Calhoun quickly closes on a proposed treaty, with several key terms, applauded across the South: 

  • Texas would enter the Union as a state, and not a territory; 
  • It would be allowed to retain slavery; 
  • The U.S. would assume its national debts, in exchange for its public lands; and
  • The U.S. would be obligated to defend Texas against any attacks by Mexico.  

Tyler submits the treaty to the U.S. Senate for approval, on April 22, 1844, first arguing that it is essential to keeping Texas out of the hands of the British. Opponents counter by downplaying this threat, especially in relation to the near certainty that annexation would provoke a costly war with Mexico.  

The President now bumbles forward, alienating various constituencies. When he offers to placate  Mexico by forgiving $6 million in debt, he undermines the Texan’s standing as an independent republic. From there he plays up the benefits of acquiring new slave territory and voting power for the South, immediately alienating Northern congressmen. Calhoun secretly pushes the point even further, suggesting that the matter comes down to “Texas or Disunion.”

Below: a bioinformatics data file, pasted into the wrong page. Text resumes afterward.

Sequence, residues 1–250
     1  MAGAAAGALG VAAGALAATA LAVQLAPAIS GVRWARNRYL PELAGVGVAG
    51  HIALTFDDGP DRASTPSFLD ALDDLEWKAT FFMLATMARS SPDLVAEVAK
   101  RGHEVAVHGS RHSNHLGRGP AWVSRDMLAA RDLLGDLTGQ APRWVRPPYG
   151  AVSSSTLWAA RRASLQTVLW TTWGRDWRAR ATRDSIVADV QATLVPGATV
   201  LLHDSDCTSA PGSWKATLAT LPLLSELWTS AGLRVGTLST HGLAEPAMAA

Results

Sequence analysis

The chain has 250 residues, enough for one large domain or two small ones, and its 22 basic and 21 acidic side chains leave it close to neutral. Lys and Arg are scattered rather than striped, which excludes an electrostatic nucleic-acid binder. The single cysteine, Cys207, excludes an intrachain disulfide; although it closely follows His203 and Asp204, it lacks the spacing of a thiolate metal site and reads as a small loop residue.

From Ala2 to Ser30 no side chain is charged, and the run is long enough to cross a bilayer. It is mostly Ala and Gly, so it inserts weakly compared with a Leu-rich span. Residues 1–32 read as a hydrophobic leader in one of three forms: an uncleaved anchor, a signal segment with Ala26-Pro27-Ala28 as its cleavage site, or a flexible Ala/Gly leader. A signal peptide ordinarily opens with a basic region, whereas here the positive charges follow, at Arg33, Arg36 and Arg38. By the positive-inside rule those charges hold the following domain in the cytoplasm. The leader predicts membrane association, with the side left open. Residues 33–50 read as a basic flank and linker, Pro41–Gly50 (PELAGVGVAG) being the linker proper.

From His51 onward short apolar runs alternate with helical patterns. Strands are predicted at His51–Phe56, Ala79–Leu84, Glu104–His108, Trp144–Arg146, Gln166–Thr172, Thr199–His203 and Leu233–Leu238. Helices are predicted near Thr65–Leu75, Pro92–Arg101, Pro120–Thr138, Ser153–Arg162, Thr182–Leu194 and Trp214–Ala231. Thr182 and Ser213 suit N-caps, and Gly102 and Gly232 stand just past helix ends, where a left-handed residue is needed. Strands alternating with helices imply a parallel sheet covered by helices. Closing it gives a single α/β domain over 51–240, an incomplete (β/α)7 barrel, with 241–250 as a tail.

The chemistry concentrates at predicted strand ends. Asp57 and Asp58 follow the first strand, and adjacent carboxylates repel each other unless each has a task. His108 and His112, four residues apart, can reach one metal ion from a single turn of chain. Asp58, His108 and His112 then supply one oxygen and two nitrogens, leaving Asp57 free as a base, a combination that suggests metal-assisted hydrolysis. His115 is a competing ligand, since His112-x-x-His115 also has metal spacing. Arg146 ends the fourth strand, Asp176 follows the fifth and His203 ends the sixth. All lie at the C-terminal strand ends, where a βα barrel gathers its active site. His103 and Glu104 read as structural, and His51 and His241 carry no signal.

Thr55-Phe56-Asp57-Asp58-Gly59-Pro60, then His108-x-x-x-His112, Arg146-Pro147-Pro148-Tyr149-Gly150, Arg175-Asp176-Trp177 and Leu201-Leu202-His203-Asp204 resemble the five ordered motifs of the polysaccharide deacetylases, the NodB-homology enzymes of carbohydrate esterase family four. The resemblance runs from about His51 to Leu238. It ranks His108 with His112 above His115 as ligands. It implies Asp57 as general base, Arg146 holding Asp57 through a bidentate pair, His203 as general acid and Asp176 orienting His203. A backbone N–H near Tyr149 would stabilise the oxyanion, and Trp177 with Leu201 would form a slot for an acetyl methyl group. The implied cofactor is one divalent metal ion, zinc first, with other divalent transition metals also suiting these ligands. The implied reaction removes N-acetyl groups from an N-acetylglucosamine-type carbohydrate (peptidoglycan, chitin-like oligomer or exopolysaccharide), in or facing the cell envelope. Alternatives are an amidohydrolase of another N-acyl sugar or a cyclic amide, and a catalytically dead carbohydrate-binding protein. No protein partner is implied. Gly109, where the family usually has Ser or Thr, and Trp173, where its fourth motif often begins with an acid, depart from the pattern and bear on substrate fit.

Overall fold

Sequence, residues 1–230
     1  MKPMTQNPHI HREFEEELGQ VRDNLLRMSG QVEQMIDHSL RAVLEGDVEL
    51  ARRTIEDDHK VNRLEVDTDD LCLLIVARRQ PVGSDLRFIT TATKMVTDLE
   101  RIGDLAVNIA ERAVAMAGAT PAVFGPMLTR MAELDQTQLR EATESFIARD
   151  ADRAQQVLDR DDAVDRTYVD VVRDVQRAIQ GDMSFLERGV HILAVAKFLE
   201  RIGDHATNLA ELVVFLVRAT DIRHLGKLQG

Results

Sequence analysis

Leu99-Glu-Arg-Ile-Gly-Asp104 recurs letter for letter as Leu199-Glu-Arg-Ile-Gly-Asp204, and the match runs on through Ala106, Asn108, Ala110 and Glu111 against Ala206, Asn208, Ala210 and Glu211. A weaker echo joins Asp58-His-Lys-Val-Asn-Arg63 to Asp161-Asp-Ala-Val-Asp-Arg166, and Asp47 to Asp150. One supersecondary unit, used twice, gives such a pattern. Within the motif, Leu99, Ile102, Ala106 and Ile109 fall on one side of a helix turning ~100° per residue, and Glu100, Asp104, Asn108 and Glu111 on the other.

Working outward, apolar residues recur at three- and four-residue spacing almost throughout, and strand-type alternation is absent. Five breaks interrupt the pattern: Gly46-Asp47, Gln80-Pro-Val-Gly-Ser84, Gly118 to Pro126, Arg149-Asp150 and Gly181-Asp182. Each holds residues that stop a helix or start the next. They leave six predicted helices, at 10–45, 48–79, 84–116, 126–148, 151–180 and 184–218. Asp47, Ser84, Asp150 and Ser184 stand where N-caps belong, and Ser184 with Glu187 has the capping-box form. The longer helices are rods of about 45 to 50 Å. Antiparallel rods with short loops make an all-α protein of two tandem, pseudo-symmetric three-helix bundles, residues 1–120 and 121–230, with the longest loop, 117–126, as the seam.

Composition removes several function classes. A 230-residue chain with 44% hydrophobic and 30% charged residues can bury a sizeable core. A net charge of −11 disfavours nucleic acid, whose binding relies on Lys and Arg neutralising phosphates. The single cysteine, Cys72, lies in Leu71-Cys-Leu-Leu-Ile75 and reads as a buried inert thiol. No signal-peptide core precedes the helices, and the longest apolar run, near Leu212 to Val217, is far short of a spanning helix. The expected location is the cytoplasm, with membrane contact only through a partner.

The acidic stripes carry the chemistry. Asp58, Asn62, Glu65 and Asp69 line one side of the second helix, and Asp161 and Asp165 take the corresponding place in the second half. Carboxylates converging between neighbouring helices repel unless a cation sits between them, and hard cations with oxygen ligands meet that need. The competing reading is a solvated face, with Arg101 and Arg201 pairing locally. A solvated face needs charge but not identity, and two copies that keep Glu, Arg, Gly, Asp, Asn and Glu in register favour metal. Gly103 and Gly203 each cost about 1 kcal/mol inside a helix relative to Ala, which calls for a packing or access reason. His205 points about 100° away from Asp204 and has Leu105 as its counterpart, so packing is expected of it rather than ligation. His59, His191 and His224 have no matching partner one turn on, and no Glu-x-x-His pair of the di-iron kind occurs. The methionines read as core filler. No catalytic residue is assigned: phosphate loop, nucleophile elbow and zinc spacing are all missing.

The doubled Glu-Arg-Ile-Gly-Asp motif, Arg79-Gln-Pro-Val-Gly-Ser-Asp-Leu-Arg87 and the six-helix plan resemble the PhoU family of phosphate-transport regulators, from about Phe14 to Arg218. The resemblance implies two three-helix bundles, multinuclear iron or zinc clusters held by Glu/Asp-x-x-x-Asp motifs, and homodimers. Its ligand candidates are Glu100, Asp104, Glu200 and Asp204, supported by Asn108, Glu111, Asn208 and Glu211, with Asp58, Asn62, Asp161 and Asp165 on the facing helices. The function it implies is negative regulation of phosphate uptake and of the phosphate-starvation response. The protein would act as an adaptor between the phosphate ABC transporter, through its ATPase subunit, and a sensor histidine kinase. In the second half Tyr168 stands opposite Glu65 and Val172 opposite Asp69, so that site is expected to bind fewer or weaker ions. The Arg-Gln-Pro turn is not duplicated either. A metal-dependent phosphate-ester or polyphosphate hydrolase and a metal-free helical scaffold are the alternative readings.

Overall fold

When the treaty debate begins in May, it is the Missouri Senator, Thomas Hart Benton, who leads the opposition.

Thomas Hart Benton 1
Thomas Hart Benton (1782-1858)

Benton is a Southerner, a loyal Democrat, Jackson man, and ardent expansionist. He is also a slave-holder, albeit beginning his shift away from support for the institution. Still, he cannot stomach what seems like outright theft of land rightfully belonging to Mexico.